Beijing is a cultural, political and economic powerhouse. It is China's current capital – and has been an ancient one too. With a broad wealth of treasures and history spread across the country's bustling infrastructure; it's home to about 20 million people. Given the sheer expanse of the city, visitors will be best able to appreciate the cultural legacies and modern attractions as part of a Beijing tour. Weather in Beijing swings from hot, humid summers, to cold, dry winters – the best time to visit is autumn: September and October. Even if you're not sure how to pronounce the contents of your Mandarin phrase book, your efforts to do so will be appreciated, just keep the book in view to be sure!
Here's a handful of the city's top attractions that should be kept on your list of things to do in Beijing. Tiananmen Square – the world's largest public square, rimmed by grand buildings, including the Gate of Heavenly Peace, which is the entrance to the Forbidden City. Relatively untouched during the cultural revolution, the World Heritage-listed Forbidden City is a preserved palace with almost 1000 buildings. It was home to emperors for almost 500 years, from the early 1400s. The old hutongs of Beijing (alleyways with traditional courtyard residences) are a delightful warren too. The Summer Palace is popular, with reason, and parts of the Great Wall of China lie 1–1.5 hours beyond the city.
Eat and Drink
Peking/Beijing roast duck is probably the most famous local food export to the world. There are restaurants in Beijing dedicated to the art form of roasting a duck perfectly. For an authentic dish, try the outlets of the Quan Ji De restaurant chain in Qian Men and in He Ping Men. If you're a mushroom fan, try fuling jiabing – a traditional snack food comprising a pancake with filling made from a fungus used in traditional Chinese medicine. Whatever you try, this is real Chinese food, which varies a lot, depending on which region's style the food is cooked in. If you're just craving the food of home, don't worry, there are many Western restaurants too. And to drink? Tea. This is the land of tea houses – you'll be spoiled for choice.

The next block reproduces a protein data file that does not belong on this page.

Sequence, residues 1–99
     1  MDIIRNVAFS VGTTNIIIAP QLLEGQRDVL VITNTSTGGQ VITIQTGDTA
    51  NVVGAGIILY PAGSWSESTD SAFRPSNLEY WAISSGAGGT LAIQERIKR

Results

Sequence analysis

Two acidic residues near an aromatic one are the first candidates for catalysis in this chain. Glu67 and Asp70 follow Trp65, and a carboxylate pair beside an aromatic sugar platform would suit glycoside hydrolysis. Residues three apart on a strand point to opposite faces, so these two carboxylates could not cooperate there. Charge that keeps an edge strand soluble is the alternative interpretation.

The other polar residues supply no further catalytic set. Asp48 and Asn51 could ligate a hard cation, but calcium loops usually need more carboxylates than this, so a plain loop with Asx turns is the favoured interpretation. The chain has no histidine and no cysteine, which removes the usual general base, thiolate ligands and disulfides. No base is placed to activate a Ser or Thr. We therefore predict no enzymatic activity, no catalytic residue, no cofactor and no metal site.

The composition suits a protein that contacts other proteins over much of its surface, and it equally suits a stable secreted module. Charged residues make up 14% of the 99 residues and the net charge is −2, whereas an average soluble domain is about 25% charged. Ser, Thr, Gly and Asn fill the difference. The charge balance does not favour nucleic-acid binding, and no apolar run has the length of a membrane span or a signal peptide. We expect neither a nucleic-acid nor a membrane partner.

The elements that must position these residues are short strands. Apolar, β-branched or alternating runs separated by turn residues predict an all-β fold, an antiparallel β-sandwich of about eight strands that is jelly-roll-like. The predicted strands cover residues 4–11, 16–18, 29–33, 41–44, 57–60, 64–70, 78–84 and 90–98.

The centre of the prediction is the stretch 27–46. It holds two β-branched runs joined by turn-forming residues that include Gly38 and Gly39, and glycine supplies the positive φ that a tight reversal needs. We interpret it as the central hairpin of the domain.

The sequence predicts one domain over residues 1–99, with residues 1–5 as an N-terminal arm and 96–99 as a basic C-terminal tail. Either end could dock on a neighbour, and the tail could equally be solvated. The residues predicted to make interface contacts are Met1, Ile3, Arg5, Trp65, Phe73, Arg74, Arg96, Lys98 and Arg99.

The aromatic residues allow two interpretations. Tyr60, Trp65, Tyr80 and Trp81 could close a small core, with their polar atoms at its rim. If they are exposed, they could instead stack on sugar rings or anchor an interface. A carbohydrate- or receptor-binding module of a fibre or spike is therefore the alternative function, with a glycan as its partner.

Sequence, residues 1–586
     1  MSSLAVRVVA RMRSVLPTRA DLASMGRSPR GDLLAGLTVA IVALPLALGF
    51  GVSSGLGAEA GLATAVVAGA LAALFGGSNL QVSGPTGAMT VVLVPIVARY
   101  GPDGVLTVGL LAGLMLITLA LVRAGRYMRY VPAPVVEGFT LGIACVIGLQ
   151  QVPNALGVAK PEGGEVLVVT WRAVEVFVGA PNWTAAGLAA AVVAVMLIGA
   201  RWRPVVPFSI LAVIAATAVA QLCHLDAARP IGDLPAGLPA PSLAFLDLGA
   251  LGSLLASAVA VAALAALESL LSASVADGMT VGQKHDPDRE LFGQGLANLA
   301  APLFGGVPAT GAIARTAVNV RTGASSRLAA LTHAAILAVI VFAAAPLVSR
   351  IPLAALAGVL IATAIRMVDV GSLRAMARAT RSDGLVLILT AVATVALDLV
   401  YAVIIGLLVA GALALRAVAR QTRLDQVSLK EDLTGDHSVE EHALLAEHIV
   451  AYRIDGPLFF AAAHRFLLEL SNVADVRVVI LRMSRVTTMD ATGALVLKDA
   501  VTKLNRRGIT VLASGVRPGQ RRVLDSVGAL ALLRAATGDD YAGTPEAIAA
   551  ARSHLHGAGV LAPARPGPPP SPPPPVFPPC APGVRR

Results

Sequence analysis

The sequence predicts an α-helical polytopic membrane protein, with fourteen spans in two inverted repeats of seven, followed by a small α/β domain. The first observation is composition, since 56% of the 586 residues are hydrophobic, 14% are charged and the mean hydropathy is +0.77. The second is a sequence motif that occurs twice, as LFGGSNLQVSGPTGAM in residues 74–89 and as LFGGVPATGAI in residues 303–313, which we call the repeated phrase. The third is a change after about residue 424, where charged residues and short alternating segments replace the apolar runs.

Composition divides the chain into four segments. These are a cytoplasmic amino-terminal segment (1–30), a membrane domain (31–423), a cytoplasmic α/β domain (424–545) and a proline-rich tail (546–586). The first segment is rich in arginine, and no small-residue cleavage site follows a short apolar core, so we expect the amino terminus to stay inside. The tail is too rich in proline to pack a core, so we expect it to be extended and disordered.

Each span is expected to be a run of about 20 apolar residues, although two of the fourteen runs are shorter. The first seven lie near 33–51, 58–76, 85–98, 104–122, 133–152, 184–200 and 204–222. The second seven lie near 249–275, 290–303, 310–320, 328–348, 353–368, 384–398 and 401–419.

With a lot of properties opened in time for the 2008 Olympics, there's no shortage of Beijing accommodation. You'll find everything from hostels to luxury hotels in centrally-located Dongcheng District. If you're looking for a touch of Old Beijing, try the Hans Royal Garden Hotel, set around restored courtyards just off a busy alley in the city centre. If green space in the city is your style, you might like the Bamboo Garden Hotel. Design aficionados will see why Opposite House and Hotel G are front runners with the 'in' crowd. Several mid-range to higher end hotels have kids' clubs, just check at the time of booking.
Traders have been doing business in Beijing for centuries so you've no shortage of opportunities to perfect your haggling skills here. Beijing shopping is diverse. Popular markets are at Xizhimen (for clothing) in Xicheng District; Silk Street (for more than just silk) in Chaoyang District; and Hongqiao (for pearls) in Chongwen District. Don't be afraid to just walk away to affect a trader's price change! Once you've had your share of haggling and hustling, there are also pedestrian shop-lined commercial centres at Qianmen Street, Da Shi Lar and Silver Street, to name a few. Keen to get your teeth into the wares of traditional Chinese food shops? Head to The Tea Street in Xuanwu District and Chongwenmen Food Market in Chongwen District.
Beijing like a Local
Many people don't realise the Great Wall of China isn't one unbroken fortification/landmark; it's in bits. The Badaling section is 70 kilometres north of Beijing and as it's the most readily accessible from the city, is the busiest. Though slightly further away, a more rewarding experience is to take the 10.5 kilometre walk on the section between Jinshanling and Simatai. It's not restored for the full length, so feels more authentic. One other tip: the ring roads which concentrically circle the city, are actually rectangular.